But, essentially, each of the traits you’ve selected for your character will have individual or shared goals you work towards by collecting enough tokens, and that’s where the cooperative or competitive element comes in.
Destiny cards feature too, which also have an objective for you to fulfil, either for your own individual development or as a combined relationship goal. It’s a real test of your emotional awareness to be able to garner what your partner might be working towards, and deciding if you want to try to help them, possibly at a cost to your own wants and needs.
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It’s the assortment of ‘scenes’ that play out in the storylines that makes the game entertaining. What would your character do in an awkward argument with their in-laws? When should you both update your social media relationship status? If you asked your partner for an alibi, would they oblige? How would you react when they tell you they have a baby from a previous relationship? The scenes range from the sweet, to the serious and dramatic, and it’s that diversity that makes the game a true rom-com emotional rollercoaster.
In many ways, the game emulates a real relationship, with the give and take needed to make a partnership work. If one person is too selfish, pursuing their own needs, things might crumble. But, conversely, if an individual is too selfless, they might be left unfulfilled and resentful. The game tracks each player’s ‘satisfaction’ in the relationship, and just like real life, there might be a serious imbalance here.
Not all relationships will end in a happy ending, either. Sometimes, you’ll decide you’re destined to break up. As the game says, it isn’t necessarily about fulfilling both of your destinies, but instead about the story you craft together. And often, it’s in dissecting how the storyline plays through that you learn about your characters – or maybe it’s about yourselves?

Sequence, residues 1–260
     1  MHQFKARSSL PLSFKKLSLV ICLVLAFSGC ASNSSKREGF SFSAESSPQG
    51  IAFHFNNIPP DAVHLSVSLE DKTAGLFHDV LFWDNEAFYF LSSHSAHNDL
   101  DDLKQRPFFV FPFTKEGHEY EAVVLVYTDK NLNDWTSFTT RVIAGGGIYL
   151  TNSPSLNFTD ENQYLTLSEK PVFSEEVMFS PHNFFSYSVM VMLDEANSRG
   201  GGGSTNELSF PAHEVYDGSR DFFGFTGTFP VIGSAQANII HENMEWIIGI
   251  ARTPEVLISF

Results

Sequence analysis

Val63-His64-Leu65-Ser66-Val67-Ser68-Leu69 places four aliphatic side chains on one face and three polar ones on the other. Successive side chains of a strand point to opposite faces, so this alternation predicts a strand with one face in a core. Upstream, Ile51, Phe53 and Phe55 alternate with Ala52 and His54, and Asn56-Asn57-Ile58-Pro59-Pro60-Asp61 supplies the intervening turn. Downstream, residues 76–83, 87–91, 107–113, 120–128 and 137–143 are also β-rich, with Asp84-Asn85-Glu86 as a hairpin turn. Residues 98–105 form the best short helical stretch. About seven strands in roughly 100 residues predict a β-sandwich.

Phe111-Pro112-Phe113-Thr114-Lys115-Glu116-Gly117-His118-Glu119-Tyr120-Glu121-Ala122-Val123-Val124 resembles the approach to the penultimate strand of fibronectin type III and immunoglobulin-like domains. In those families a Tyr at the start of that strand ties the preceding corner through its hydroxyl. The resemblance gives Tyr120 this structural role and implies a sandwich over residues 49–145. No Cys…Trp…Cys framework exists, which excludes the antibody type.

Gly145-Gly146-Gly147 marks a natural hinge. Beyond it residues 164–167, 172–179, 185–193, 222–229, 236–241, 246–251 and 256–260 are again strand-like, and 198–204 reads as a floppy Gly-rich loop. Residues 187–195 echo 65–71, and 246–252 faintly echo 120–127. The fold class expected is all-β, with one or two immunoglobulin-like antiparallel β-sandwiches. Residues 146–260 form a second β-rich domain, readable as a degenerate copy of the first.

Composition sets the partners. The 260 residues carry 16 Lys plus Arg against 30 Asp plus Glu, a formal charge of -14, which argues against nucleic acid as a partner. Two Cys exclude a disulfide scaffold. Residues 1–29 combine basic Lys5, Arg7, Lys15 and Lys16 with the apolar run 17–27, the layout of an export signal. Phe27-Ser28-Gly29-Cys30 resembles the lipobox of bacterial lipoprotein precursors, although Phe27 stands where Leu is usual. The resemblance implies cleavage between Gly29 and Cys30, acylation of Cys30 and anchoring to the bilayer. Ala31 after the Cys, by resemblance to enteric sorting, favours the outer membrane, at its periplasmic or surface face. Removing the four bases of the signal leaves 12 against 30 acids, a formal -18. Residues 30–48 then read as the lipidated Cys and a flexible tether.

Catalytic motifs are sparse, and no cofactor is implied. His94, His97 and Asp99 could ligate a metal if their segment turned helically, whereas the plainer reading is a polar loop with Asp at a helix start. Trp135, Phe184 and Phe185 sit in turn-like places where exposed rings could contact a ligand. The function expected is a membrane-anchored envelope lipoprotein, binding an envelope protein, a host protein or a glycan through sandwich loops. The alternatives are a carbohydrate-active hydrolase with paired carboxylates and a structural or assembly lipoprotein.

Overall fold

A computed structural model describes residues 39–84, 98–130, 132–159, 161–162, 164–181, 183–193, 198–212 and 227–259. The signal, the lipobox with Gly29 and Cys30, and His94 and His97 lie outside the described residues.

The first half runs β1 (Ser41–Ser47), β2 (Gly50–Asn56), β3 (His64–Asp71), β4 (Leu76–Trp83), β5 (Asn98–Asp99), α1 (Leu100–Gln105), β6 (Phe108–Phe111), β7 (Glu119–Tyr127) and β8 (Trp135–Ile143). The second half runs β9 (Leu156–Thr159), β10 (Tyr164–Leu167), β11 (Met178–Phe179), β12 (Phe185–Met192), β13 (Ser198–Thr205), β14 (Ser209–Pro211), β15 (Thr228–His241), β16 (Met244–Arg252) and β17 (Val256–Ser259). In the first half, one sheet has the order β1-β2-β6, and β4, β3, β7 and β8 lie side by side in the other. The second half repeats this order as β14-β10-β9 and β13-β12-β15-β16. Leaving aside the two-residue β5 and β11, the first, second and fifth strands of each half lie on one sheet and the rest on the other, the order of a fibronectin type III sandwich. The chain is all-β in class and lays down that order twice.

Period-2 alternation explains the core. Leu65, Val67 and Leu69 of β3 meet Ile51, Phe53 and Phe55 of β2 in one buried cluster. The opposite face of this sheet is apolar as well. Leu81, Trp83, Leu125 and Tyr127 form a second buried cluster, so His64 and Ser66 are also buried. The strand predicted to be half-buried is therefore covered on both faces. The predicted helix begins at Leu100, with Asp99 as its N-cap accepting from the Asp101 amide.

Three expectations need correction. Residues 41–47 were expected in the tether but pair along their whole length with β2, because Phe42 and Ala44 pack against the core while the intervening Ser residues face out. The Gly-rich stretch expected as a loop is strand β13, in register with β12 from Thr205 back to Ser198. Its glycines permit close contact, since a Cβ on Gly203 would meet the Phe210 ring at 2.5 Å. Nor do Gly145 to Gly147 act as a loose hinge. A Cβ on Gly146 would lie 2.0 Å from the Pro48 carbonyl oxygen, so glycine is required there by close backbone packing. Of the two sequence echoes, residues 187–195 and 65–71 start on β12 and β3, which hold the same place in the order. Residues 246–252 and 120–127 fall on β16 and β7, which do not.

Why buy Fog of Love?
If you’re looking for a board game for two, Fog of Love is the perfect stay indoors date night game to break out after a romantic meal. You don’t have to be romantically involved to have fun, though.
Games can range from 60 minutes to much longer, and there are plenty of different storylines to keep things fresh. Even replaying the same storylines can be great fun, with randomly assigned characters, traits and destinies to keep things fresh.
If you’re willing to inhabit your characters and really go with the narrative then you’ll be rewarded with one of the most fun board games to emerge in recent times. After all, beneath the lovey-dovey surface, Fog of Love is a clever, more traditional game of resource management.
A clever board game that rewards those willing to immerse themselves into role-play.